CHANGZHOU/WENZHOU, China (Reuters) - About a week after Shanghai’s main stock index broke above 4,000 points in April, the leading newspaper of China’s ruling Communist Party weighed in with patriotic glee.
Not only was the bull run just beginning, said a widely-read, and later ridiculed, editorial from the People’s Daily.
In the longer term, it continued, the “Chinese Dream” of rising prosperity and security championed by President Xi Jinping would be reflected in capital markets, creating “huge” investment opportunities.
The stock market turmoil in the last month has shattered that particular dream for many small-time players, though the risk of contagion from a relatively narrow class of retail investors who dominate Chinese equities appears small for now.
Beijing had earlier stepped in to address the property boom and mounting bad debts, two potential danger zones in the economy, helping to bring down house prices and shift local government debt to longer term maturities to avert a crisis.
Now it must find ways to change economic gear from massive stimulus to consumer-led growth, and the slump in stocks has not helped.
Zhou Sujuan, a 44-year-old manager at a private medical device company in Wenzhou, a coastal city 450 km (280 miles) south of Shanghai known for its entrepreneurial spirit, lost 2 million yuan ($322,186) in the selloff.
“This has caused me a lot of heartache. It will take some time to recover,” she said.
The scope of Xi’s vision of the future goes well beyond a few million people investing in shares, and is key to maintaining stability among the population of 1.3 billion.
A volley of government policies and edicts has turned the stock market around, at least for now. Despite recent sharp falls, values are roughly double what they were a year ago.
Delivering on the broader promise is likely to prove harder, as a series of interviews with Chinese people from a range of backgrounds underlines.
Recent data show the scale of the challenge.
Sluggish property, weak consumer spending, factory gate prices falling for over three years and local governments laden with $3 trillion in debt mean the economy is expected to grow at its slowest pace in a quarter of a century this year.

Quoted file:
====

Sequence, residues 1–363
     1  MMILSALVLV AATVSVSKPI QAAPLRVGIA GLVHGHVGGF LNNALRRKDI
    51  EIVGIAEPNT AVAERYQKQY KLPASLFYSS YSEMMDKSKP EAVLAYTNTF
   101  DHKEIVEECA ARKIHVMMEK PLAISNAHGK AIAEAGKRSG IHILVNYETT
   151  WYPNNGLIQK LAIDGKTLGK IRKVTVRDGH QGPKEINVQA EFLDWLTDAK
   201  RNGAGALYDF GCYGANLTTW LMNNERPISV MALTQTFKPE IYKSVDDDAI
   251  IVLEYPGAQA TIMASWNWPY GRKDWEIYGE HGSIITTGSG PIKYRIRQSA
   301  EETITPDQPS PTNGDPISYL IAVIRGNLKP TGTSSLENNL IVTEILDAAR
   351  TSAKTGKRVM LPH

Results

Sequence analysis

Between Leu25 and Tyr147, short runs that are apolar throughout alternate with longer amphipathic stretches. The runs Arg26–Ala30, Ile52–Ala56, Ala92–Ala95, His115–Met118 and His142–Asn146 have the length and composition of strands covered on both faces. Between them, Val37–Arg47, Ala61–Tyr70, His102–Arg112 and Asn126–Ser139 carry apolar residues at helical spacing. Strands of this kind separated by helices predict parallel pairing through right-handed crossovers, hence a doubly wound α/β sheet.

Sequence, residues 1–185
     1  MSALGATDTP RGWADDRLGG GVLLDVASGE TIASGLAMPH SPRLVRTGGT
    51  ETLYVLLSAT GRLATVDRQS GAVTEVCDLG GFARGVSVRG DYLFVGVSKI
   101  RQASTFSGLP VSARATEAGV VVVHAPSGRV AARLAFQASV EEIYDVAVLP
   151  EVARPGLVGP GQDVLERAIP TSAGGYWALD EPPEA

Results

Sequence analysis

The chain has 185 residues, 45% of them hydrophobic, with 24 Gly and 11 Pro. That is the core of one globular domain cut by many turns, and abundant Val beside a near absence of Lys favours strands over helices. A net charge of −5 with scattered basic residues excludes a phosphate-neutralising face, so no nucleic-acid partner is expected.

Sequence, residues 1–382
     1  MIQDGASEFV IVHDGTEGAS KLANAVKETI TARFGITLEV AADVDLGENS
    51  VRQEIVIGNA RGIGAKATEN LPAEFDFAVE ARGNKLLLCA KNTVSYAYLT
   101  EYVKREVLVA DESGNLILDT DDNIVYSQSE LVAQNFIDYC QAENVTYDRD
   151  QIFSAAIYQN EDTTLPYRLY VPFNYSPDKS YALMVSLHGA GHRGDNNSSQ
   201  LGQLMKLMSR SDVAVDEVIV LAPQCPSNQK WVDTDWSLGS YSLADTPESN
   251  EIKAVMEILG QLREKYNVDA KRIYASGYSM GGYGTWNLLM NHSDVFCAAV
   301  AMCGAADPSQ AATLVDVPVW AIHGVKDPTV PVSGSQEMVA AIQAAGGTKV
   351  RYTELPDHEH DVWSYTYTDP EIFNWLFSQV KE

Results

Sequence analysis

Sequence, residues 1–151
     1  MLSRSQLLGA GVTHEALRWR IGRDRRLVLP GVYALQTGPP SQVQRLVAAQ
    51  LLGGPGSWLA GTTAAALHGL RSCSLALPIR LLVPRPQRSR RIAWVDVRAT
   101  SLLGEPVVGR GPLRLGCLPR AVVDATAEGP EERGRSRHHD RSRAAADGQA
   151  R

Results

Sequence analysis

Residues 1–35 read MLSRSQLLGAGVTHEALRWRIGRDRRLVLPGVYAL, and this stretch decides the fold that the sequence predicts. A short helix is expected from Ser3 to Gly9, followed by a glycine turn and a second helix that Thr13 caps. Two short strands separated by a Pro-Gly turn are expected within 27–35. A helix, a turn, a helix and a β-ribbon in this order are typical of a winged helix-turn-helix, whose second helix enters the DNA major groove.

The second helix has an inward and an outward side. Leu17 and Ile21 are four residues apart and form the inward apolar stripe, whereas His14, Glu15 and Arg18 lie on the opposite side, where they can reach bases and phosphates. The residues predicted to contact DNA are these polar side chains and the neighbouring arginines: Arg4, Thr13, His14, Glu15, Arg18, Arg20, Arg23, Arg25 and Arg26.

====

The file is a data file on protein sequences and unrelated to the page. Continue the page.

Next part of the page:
China’s success or otherwise in reviving growth is one of the biggest factors hanging over the global economy, with implications for companies across continents and industries, from automakers and luxury goods makers to miners and farmers.
“PROFOUND AND PERMANENT” DAMAGE?
The measures the government enacted to halt the stock market’s slide have raised questions about the Communist Party’s commitment to reforms needed to achieve a more open and dynamic economy, driven by domestic demand.
“The massive state intervention, especially preventing major shareholders from selling shares and going after short sellers, has damaged financial sector reform in profound and permanent ways,” said Victor Shih, associate professor at the University of California San Diego, who studies China’s finance policy.
By halting initial public offerings, for example, Beijing has closed off one funding option for non-state-owned businesses that are expected to eventually lead the economy.
One such company belongs to Ren Zhengming, a 54-year-old who has run his manufacturing business in Changzhou, an hour northwest of Shanghai by bullet train, for more than 20 years.
Changzhou Wujin Zhengda Vehicle Industry Co Ltd makes machined metal parts for measuring instruments, and serves major sectors of the economy from cars to homebuilding.
Like many in Chinese manufacturing, Ren has seen costs rise steadily, exports soften and domestic demand growth stall. He has about 100 employees, from up to 200 a few years ago, and profit margins are down from around 25 percent five years ago.
“If we can guarantee 10 percent now that would be pretty good,” he said. “These last few months, it’s been just enough to pay for our workforce.”
Ren’s experience is typical of thousands of small manufacturers, who have become less competitive as a stronger yuan currency hit exports and rising labor and other input costs eroded profit margins.
Growth in private sector investment has been slowing in recent years.
Xi and Premier Li Keqiang have set out to tackle the effects of years of growth-at-all-costs development in the decade or so before they took office, reforming the foreign exchange regime, liberalizing other prices and trying to rein in soaring debt.
But that brings with it short-term pain, both for Chinese firms like Ren’s and multinationals that have invested heavily in China as a growth market.
“With this set of leaders in office it’s fairly hard to be optimistic about our business,” Ren told Reuters.
Optimism about the Chinese economy has slipped significantly among U.S. businesses operating here, according to a March survey by the American Chamber of Commerce in Shanghai.
Some European firms are preparing for lay-offs amid weaker economic growth and slow reforms, the European Union Chamber of Commerce in China said in June.
Prices of commodities from copper to crude oil, key elements in construction and other industries, are down, in part because Chinese appetite for raw materials has weakened.
Economies like Australia and Brazil are feeling the effects.
Ren says he’s too old to do anything radical to reshape his business. The future of the company will depend on his son-in-law, who is gradually taking charge.
“All we can do is build a platform for younger people.”